The Palestinian decision-making body led by U.S.-backed President Mahmoud Abbas on Wednesday endorsed demands by Hamas for halting Gaza hostilities with Israel, a closing of ranks that may help Egyptian-mediated truce efforts.

With Israeli and U.S. encouragement, Egypt has tried to get both sides to hold fire and then negotiate terms for protracted calm in the Palestinian enclave where officials said 624 people, mostly civilians, have been killed in 15 days of fighting.

Hamas, the Gaza Strip's dominant Islamists, and other armed factions had balked at Cairo's offer, saying they wanted assurances of relief from an Israeli-Egyptian blockade and other concessions. The dispute was further complicated by distrust between Egypt under President Abdel Fattah el-Sisi and Hamas.

In a move that could effectively turn Abbas into the main interlocutor for a Gaza truce, his umbrella Palestine Liberation Organization (PLO) on Wednesday formally supported core conditions set by the Hamas-led fighters.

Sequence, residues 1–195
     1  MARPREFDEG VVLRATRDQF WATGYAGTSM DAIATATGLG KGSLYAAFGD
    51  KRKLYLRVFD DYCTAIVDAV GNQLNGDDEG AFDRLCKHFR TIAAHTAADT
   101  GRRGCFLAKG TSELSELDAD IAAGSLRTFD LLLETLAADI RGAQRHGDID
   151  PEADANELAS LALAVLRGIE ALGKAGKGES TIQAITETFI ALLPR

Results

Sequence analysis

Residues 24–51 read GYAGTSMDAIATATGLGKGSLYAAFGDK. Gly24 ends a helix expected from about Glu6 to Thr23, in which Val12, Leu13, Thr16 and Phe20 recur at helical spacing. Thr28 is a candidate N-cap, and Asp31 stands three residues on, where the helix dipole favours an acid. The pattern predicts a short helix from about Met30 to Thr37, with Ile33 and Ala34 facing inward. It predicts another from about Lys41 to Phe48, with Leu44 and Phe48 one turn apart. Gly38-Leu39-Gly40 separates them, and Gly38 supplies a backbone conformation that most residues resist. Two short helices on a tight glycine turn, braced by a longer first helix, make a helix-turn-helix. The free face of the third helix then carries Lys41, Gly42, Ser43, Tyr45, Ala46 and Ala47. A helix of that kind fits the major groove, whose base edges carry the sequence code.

"The Gaza demands of stopping the aggression and lifting the blockade in all its forms are the demands of the entire Palestinian people and they represent the goal that the Palestinian leadership has dedicated all its power to achieve," senior PLO official Yasser Abed Rabbo said in Ramallah, the hub city in the Israeli-occupied West Bank where Abbas is based.

"We are confident Gaza will not be broken as long as our people are standing beside it to support it through all possible means until the invaders understand that our great people inside the homeland and outside will not leave Gaza alone." 

Gaza rocket lands near Israeli airport